What Else Should Rule Platforms Be Doing?
Where DMN and Decision Models Fall Short
I think it's time to highlight the shortcomings of DMN and decision models. These shortcomings have a big impact on business agility, productivity, and programmer workload. In this discussion, I identify six major shortcomings.
I fully recognize all the benefits DMN and decision models have provided, so I intend this analysis to be constructive. Of course, if you're a glass-half-empty kind of person, you'll perceive big holes in current rule platforms. If you're a glass-half-full kind of person, however, you'll perceive huge opportunities yet to be seized.
A case study that has been widely discussed in standardization circles is EU-Rent. You might have run across it. I'll use EU-Rent in several places below to identify current shortcomings of DMN and decision models.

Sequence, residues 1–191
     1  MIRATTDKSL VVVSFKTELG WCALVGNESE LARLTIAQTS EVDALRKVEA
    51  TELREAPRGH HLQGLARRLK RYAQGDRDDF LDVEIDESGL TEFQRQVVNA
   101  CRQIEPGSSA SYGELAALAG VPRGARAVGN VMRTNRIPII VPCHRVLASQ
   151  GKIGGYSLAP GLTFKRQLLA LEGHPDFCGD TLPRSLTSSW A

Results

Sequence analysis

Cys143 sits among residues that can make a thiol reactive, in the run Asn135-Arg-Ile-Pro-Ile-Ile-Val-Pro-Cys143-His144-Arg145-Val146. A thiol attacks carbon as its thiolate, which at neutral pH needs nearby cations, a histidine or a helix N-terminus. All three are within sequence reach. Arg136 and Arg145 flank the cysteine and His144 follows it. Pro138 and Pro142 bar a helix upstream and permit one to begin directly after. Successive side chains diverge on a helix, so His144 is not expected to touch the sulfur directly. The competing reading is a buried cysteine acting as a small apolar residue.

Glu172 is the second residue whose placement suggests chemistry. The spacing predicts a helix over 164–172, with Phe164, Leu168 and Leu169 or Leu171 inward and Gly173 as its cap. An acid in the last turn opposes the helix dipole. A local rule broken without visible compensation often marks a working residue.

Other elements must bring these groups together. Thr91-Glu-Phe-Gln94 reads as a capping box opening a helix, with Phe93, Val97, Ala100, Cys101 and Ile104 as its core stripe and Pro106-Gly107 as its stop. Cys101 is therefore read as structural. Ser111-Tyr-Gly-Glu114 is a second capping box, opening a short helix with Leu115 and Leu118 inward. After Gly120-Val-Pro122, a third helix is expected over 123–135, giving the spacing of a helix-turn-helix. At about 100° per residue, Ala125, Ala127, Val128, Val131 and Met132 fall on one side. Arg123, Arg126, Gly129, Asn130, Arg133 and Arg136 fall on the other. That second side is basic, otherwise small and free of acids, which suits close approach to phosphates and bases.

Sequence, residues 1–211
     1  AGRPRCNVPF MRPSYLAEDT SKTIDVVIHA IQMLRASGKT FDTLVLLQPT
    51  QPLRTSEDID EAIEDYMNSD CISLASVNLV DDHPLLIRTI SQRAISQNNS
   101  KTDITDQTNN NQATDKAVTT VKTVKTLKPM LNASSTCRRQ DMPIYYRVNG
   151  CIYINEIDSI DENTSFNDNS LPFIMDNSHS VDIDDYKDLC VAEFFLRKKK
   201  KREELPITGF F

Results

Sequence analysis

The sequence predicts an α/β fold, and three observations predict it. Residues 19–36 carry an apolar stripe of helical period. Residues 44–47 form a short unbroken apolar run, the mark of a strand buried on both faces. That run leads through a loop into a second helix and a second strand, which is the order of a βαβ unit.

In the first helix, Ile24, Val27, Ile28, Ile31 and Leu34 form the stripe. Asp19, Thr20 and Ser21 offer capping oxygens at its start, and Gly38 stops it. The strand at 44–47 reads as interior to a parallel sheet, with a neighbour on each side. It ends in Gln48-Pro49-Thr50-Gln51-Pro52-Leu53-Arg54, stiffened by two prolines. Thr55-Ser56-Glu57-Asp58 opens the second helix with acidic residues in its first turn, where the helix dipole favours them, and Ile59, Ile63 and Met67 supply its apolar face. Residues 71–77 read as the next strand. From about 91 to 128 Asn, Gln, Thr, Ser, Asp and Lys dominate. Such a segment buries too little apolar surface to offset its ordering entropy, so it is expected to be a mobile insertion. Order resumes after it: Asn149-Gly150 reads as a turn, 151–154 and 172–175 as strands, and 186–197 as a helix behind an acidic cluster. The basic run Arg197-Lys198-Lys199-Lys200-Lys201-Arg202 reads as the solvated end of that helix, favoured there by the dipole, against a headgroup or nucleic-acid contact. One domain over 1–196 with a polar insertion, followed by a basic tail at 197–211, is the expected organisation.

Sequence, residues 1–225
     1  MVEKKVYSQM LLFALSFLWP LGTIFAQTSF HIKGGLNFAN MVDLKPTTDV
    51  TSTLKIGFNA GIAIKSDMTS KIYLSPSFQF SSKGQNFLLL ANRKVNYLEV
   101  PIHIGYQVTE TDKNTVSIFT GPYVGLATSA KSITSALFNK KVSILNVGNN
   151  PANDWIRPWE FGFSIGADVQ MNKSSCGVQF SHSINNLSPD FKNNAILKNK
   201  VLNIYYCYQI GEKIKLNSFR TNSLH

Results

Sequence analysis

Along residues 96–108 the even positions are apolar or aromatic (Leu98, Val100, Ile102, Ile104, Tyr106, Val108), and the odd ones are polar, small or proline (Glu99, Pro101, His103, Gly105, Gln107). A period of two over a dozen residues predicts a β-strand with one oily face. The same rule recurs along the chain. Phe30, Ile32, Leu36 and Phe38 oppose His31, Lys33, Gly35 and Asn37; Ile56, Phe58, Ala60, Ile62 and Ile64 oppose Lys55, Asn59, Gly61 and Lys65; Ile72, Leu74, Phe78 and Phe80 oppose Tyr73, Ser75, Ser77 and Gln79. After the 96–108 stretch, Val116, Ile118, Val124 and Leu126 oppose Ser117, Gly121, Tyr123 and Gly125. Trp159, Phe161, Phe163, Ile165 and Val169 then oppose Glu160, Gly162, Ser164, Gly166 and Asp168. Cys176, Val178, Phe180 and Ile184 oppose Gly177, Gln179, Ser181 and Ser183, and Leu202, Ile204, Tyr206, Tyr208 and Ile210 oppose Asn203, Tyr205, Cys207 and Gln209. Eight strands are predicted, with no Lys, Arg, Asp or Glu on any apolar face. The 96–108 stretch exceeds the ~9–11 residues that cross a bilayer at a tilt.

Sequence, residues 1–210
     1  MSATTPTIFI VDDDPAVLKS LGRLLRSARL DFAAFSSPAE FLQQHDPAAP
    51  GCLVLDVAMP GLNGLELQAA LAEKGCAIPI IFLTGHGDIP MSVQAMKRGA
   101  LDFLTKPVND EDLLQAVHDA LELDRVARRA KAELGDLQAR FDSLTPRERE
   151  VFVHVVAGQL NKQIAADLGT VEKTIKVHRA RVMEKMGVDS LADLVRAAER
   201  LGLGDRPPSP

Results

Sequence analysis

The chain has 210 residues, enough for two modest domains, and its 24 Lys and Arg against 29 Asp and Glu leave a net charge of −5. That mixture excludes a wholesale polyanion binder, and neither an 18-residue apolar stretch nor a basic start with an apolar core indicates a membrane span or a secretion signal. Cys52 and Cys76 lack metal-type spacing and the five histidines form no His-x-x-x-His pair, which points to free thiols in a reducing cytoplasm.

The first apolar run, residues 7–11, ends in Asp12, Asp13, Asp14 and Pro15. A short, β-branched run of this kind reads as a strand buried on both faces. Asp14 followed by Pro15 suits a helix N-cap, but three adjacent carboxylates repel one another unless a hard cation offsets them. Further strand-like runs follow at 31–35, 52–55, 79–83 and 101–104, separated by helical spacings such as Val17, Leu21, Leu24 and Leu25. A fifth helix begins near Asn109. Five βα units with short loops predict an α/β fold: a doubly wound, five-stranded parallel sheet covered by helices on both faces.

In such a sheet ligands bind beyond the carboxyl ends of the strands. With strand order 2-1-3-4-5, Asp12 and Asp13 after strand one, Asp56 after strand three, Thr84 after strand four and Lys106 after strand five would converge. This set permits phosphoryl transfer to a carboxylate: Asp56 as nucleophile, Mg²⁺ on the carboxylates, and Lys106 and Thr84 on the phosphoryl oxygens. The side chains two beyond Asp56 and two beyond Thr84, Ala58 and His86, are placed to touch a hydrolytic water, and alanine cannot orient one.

Shortcoming 1. Lack of Business Semantics
You're kidding yourself if you think you can do any kind of serious rule work — work that is effective and reusable — without a structured business vocabulary and glossary. A central idea of business rules is to make the logic accessible to non-programmers. How can you do that without incorporating explicit business semantics?!
Figure 1 presents a partial concept model diagram for EU-Rent. A concept model is the basis for a glossary — a structured business vocabulary. The structure in Figure 1 is sufficient for supporting the set of EU-Rent behavioral rules in Table 1 later.
Figure 1. Partial Concept Model Diagram for EU-Rent
Shortcoming 2. Lack of Support for Behavioral Rules